A Better Story

I’ve always loved to tell stories, and for years the stories I wanted to tell were stories I invented. Now, I only want to tell stories from my own life. Of course, I’ve always done this, it’s just that now I’m doing it professionally and for readers I might never meet. This presents a unique challenge. Why would someone who will never meet me care about what happened to me?

The answer is that no reader actually cares what happened to me, but they might care what I learned about life from what happened to me. To find this lesson, this meaning, I must look at the events of my life not as something that happened to me, but simply as something that happened of which I was a part. It’s a subtle difference, but if I’m a victim in any way then nothing will be learned other than that life is unfair and that I better duck when its blade is swinging my way.

Why bother telling that story unless I want people to feel bad for me? I’ve certainly told stories like this, and all that would happen is that whoever I told the story to would immediately turn around and tell me a story about how unfairly life treated them, to which I’d think, “Hey, this isn’t a competition!” Though maybe it was. In the land of victims, the king is the always one who’s suffered the most.

So I try to tell better stories, and the only way to do so is without judgment. To tell a story about what I learned, I simply cannot judge the past, meaning I cannot judge me, or anyone, or life itself. Judgment, the idea that this is good and that is bad, that this should have happened and that shouldn’t have happened, is a filter across reality, a veil obscuring life’s full value.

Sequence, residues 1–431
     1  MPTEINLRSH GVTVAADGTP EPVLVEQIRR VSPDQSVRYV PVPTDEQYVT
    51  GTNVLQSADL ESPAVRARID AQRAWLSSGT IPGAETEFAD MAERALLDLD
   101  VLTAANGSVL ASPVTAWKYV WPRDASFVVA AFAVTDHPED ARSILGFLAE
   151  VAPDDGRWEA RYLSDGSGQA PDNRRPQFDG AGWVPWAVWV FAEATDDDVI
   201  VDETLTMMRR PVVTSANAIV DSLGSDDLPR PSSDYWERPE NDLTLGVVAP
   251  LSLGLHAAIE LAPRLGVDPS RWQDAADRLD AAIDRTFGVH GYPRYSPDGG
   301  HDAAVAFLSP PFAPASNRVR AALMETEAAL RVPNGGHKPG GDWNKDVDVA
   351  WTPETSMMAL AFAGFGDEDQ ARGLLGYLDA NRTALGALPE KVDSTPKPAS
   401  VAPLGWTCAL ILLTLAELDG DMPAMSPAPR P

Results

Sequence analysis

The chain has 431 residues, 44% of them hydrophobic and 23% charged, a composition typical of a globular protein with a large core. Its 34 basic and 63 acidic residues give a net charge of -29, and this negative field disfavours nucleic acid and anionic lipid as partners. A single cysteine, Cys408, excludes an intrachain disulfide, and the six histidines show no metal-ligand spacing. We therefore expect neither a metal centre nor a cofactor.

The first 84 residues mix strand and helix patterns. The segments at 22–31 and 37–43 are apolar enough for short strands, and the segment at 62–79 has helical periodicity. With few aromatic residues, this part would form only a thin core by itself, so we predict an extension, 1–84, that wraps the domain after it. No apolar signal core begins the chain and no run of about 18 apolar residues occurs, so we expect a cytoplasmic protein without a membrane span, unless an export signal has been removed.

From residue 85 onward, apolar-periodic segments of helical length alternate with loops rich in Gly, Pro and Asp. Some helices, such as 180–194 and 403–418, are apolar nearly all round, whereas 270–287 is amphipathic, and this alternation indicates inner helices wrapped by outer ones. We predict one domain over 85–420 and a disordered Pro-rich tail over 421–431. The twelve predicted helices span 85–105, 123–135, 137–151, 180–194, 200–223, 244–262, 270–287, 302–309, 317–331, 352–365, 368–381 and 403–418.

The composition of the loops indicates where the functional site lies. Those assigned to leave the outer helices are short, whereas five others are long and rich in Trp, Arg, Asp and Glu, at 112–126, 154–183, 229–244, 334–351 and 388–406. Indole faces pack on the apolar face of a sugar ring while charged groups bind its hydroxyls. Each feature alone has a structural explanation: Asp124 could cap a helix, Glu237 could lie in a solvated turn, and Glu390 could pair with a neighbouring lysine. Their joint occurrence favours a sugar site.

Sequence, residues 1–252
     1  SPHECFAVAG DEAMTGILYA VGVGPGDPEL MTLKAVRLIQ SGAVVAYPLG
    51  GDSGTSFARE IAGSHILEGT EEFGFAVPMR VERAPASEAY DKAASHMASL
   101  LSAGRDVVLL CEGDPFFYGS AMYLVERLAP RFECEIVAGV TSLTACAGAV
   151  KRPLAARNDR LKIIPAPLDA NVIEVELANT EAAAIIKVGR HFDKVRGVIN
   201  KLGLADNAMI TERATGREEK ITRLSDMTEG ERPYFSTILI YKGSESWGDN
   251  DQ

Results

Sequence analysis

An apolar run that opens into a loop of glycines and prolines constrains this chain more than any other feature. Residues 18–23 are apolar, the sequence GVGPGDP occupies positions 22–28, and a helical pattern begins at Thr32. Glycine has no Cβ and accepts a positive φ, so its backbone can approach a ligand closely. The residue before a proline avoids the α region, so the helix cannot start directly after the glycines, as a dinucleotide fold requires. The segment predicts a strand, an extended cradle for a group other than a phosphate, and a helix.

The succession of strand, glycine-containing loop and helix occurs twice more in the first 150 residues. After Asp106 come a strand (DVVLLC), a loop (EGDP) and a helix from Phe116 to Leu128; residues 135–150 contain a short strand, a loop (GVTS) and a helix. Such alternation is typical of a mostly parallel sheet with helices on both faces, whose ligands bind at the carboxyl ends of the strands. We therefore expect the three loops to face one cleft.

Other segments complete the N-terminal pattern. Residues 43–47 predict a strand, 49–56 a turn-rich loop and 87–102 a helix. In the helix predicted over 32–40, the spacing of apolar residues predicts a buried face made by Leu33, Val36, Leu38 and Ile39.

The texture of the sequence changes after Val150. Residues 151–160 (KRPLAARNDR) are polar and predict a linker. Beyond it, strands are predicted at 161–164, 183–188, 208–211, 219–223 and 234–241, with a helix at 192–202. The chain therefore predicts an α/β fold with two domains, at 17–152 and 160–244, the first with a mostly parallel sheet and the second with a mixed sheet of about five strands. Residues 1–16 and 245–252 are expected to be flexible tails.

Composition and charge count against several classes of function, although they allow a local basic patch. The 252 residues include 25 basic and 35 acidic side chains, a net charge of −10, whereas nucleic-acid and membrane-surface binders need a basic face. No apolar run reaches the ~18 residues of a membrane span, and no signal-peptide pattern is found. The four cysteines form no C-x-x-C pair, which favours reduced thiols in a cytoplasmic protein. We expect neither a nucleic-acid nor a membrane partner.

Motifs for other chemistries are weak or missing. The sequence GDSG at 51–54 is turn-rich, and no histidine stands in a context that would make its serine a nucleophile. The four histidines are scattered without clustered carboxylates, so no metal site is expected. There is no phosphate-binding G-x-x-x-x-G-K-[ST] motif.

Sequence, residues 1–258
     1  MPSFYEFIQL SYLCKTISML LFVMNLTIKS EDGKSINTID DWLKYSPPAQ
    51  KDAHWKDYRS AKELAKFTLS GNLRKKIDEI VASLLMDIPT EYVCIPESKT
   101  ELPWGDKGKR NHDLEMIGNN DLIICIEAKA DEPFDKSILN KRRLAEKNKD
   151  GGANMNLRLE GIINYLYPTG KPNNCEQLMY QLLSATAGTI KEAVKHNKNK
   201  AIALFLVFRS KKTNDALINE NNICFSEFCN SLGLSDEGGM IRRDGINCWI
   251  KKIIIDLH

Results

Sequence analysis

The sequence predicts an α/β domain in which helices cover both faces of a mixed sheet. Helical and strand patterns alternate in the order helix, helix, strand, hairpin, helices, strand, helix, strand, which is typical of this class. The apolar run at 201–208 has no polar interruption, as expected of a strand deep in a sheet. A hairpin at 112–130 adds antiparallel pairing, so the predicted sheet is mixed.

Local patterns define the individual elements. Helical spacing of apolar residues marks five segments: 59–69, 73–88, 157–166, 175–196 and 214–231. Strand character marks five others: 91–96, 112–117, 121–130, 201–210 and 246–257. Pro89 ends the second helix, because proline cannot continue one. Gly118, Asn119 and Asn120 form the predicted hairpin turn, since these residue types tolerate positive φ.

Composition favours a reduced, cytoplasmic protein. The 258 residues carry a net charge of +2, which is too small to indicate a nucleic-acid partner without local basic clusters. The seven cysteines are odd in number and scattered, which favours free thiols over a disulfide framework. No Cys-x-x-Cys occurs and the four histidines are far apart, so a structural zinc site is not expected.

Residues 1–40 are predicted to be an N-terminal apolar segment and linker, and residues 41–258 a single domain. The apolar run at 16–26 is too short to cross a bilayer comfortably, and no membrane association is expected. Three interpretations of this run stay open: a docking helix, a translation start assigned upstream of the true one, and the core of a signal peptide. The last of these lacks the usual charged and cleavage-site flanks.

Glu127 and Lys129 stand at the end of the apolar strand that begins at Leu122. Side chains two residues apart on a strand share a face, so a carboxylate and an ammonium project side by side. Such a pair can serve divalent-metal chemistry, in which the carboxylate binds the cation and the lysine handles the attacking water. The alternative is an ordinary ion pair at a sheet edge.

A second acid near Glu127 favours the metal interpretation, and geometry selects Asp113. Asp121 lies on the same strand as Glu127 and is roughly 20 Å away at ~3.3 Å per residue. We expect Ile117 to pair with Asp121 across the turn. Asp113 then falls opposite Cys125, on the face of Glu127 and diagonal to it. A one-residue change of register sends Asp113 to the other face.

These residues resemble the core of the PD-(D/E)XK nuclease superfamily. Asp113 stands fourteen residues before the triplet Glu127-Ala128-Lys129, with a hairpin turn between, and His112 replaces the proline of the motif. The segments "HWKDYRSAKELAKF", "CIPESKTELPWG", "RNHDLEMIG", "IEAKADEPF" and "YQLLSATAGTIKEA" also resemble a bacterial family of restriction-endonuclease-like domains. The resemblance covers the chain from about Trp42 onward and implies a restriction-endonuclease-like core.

It is also, I’ve come to understand, a story I invented. Unlike the stories I used to invent on the page, I always mistook my judgment for reality – the painful truth I must accept. I never fully succeeded in doing so, which for a time I called failure. Then I started telling better stories, and the veil was lifted, and I succeed from time to time in seeing life as it was, rather than what I feared it might be.

If you like the ideas and perspectives expressed here, feel free to contact me about individual and group coaching.

 

Fearless Writing: How to Create Boldly and Write With Confidence.